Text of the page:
Origin: Germany, Geisenheim Research Center
Parentage: New breed - from Riesling x Chasselas de Courtillier (=Madeleine Royale).
This variety was bred in 1882 in Geisenheim by the Swiss botanist, Hermann Müller, from the canton of Thurgau. For a long time, it was believed that Riesling and Sylvaner were the parent varieties, but eventually, genetic research provided clarity. Müller Thurgau is the oldest successful new breed spread throughout the world. The synonyms Rivaner and Riesling-Sylvaner point to the original, but incorrect, parentage information, and now the name Riesling-Sylvaner is prohibited as it is misleading.
Vineyard area: 1,788 ha, 3.8 %
This variety grows in all Austrian wine-growing regions. But between 1999 and 2009, its growth declined by 36.1%, as did its significance.
Important ampelographic features
Leaf: medium-sized, vesicular, circular, with five lobes, deeply lobed with twisted middle lobe
Grape cluster: medium to large; medium density; cylindrical with oval greenish-yellow berries. The fruit has a slight muscat flavour
Ripening time: early
Significance, conditions: The variety ripens very early and is therefore offered in the form of must, “Sturm” (partially fermented) and “En primeur” wine. In blends with other white varieties, Müller Thurgau is used for popular young wines, which should be drunk fresh. At the other end of the ripeness spectrum, Prädikat wines are produced – wines whose development potential are often underestimated. This variety needs deep soils with good water retention. It is very susceptible to peronospora, oidium, berry- and stem rot, Roter Brenner (Pseudopezicula tracheiphila ) and phomopsis. Compared to other varieties, more plant protection is necessary.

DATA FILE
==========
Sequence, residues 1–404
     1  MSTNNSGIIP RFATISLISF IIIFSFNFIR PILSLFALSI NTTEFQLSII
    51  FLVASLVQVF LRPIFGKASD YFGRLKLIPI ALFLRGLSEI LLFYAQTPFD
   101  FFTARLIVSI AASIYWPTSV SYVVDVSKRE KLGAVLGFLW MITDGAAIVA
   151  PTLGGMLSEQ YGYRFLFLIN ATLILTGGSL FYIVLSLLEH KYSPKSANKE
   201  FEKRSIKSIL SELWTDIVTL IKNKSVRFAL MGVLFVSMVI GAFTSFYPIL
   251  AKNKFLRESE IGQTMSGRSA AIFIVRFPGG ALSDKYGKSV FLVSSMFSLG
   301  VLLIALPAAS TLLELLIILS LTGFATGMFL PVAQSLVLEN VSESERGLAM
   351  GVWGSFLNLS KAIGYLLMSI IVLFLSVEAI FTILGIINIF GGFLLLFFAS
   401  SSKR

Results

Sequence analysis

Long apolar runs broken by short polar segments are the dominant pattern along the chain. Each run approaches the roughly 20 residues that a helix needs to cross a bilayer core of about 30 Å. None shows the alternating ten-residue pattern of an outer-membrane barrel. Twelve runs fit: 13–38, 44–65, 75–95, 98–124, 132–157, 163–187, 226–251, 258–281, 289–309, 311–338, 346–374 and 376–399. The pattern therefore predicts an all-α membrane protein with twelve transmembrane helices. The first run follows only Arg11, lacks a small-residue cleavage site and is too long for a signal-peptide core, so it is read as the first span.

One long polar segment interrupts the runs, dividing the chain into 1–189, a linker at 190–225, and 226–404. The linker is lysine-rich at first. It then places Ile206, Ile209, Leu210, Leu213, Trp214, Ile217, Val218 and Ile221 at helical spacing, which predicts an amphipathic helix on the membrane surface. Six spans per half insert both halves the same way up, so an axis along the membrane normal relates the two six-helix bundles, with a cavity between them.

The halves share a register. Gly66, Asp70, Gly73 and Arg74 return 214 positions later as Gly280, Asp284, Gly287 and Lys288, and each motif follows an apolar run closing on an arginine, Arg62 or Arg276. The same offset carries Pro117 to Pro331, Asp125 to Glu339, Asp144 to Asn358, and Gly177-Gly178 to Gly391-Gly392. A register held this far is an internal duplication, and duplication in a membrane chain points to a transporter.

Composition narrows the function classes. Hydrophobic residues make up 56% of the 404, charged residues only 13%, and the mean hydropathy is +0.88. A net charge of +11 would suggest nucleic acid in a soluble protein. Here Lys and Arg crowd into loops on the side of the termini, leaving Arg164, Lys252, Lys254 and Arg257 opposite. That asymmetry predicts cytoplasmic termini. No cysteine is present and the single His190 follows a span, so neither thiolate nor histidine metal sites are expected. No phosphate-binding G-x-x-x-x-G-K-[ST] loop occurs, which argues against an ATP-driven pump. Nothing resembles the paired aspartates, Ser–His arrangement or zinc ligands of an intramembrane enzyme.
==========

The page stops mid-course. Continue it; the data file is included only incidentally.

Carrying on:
Wines: The variety brings early maturing, mild wines with a slight muscat taste. When the acidity is on the low side, the wines age quickly. Prädikat wines can reach a very high quality potential.